WKU creative writing alumnus Jenny Kiefer, who graduated in 2011, is opening a bookstore in Louisville, Kentucky, selling horror books and related paraphernalia. Butcher Cabin Books, located at 990 Barret Ave, has its grand opening October 15-16 from 12:00-7:00 pm.
Kiefer herself is a horror writer, her debut novel this poor valley It’s slated for release in 2024. “I’ve always loved horror movies,” Kiefer said. “As a child, I read books like Scary stories to tell in the dark, goosebumpsand street of fear. I’m not easily scared, I just like creepy stuff. When Kiefer started writing, her own story leaned toward the dark side.
Kiefer talks about why she loves writing horror films: “For some people, saying ‘I have anxiety, so I like to read and write horror films’ seems a little behind because they think horror films cause more anxiety However, writing horror fiction is a way for me to channel my anxiety and make it useful in a way.” Kiefer describes how characters in horror can convincingly present fear and anxiety to readers, and she is able to describe them in these descriptions. using her anxiety experiences. The process also gave her a sense of strength. She said: “Writing a horror movie gave me a way to control my anxiety. If I was writing it, I could control its ending.”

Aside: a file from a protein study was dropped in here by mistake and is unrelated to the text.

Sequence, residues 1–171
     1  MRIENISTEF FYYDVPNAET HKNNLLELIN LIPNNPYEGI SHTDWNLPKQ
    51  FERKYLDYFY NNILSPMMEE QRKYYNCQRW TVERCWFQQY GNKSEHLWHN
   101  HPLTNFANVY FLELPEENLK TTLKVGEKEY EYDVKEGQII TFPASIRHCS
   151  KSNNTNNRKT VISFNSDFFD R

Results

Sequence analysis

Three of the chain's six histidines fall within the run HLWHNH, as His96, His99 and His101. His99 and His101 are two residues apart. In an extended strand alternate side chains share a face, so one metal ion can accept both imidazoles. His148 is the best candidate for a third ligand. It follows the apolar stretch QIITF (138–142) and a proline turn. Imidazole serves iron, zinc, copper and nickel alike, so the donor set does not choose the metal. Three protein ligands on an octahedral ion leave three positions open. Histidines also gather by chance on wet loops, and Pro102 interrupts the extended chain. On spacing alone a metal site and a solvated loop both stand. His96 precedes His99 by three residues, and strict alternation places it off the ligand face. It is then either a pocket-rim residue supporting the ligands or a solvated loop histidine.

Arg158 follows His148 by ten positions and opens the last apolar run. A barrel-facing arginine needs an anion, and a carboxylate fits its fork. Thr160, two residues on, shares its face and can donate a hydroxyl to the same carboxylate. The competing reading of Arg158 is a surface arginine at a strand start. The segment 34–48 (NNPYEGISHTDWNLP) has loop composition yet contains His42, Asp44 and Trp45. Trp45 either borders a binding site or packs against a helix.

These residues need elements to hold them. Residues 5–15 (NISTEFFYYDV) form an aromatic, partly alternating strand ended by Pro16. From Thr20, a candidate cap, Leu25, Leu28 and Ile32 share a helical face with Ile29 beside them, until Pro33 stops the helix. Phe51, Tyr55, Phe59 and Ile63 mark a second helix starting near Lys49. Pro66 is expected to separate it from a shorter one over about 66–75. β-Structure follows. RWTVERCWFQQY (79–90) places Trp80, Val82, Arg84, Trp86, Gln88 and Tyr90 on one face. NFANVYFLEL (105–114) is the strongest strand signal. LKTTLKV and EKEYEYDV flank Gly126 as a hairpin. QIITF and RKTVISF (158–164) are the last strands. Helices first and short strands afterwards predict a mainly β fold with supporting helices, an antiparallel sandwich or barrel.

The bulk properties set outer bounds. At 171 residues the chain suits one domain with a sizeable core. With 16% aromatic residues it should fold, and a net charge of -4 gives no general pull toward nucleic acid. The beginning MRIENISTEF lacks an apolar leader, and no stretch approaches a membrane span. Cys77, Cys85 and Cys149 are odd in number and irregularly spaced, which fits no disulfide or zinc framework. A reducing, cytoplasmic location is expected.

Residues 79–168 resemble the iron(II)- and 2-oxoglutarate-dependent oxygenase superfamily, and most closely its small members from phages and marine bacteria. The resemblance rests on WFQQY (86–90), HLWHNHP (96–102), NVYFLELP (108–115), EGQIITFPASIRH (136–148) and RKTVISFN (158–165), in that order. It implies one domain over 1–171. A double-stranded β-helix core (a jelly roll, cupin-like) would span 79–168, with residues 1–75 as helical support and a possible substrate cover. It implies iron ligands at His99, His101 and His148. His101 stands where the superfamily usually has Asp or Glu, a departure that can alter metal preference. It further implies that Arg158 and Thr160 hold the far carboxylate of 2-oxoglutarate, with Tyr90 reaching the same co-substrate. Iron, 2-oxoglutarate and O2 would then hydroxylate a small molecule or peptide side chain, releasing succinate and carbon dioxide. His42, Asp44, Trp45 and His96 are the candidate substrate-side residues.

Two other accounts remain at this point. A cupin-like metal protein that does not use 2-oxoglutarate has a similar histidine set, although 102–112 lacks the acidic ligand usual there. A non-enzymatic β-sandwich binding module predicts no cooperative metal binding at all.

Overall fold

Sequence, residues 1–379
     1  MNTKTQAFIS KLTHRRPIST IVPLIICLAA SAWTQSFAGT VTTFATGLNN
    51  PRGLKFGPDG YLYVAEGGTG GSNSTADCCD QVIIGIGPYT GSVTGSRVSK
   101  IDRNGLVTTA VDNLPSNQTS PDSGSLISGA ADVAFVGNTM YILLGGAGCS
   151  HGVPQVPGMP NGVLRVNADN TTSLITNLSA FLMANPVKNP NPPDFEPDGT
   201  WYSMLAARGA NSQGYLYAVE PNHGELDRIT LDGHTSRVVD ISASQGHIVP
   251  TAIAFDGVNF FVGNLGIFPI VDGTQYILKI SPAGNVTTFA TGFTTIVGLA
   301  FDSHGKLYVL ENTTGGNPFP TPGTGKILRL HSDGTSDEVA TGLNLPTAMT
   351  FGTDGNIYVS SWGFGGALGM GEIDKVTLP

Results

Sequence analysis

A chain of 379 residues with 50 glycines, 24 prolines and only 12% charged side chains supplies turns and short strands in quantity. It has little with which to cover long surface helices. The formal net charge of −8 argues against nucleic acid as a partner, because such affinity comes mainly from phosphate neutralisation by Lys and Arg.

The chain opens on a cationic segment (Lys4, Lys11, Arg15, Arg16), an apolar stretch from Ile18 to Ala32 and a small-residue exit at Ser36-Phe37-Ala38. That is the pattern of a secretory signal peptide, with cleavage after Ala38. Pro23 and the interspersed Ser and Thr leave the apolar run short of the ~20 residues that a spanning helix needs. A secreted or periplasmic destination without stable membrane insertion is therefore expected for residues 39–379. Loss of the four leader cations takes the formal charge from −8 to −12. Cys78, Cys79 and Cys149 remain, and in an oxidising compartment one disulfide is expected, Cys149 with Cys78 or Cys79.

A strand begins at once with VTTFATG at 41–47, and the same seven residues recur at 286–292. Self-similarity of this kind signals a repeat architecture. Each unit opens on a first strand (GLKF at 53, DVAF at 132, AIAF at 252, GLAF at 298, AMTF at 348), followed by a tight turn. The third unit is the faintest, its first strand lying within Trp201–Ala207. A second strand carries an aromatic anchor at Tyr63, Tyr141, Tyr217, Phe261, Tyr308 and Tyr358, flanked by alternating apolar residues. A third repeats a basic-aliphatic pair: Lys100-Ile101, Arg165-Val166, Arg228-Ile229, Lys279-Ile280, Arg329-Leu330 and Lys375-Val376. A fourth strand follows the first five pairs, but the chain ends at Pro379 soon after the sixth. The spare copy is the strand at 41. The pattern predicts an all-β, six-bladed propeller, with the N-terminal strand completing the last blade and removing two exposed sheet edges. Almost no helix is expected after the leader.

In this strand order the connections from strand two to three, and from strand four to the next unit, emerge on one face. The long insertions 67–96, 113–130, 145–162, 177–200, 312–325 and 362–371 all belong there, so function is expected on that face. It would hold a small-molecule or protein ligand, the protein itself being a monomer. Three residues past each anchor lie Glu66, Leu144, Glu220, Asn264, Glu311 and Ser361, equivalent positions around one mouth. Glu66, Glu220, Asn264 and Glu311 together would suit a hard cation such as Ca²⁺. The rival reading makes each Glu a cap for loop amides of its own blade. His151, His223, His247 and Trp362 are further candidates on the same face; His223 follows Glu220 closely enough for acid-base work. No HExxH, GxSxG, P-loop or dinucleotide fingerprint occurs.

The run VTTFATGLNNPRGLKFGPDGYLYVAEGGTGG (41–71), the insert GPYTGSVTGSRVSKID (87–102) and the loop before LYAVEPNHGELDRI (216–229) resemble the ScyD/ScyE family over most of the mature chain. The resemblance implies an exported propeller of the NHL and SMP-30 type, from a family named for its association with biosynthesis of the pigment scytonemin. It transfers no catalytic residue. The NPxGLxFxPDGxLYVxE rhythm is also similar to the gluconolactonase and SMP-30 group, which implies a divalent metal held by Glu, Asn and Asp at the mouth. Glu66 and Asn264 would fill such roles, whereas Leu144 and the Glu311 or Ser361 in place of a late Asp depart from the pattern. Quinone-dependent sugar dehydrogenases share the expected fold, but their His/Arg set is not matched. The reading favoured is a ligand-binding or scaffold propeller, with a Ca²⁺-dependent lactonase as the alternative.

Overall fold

Kiefer noticed the amount of great work that came out of the indie horror scene. She’s always loved the idea of opening a bookstore, and she and her mother, her business partner, decided now was a good time to open one to support the scene, since most traditional bookstores don’t have the widespread horror. (However, Kiefer does claim that Barnes & Noble’s in Bowling Green has one of the better horror sections because an employee worked hard to curate books for it.)
Kiefer believes that the process of opening a store is a result of luck. The building where the store is located has been owned by her family for years; her father’s business, Currie Sound, runs from the back of the building. Owning the building gave them the freedom to do renovations, such as painting the exterior to drip blood. Kiefer tweeted a photo of the storefront, and the post went viral, sparking a lot of interest in the store. Refurbishment work is currently wrapping up, and it includes a moth-wing mural that people can stand in front of and take pictures.
Some of the books for sale are obtained through library book sales and thrift stores and from friends who send them books. They will also sell new books from independent publishers and local authors to better support the independent field.
Kiefer has invited Kentucky writers to the store to discuss their work and has events planned for October and November. She wants to foster interaction between writers and readers, and she envisions Butcher Cabin Books as “not just a store, but a community.”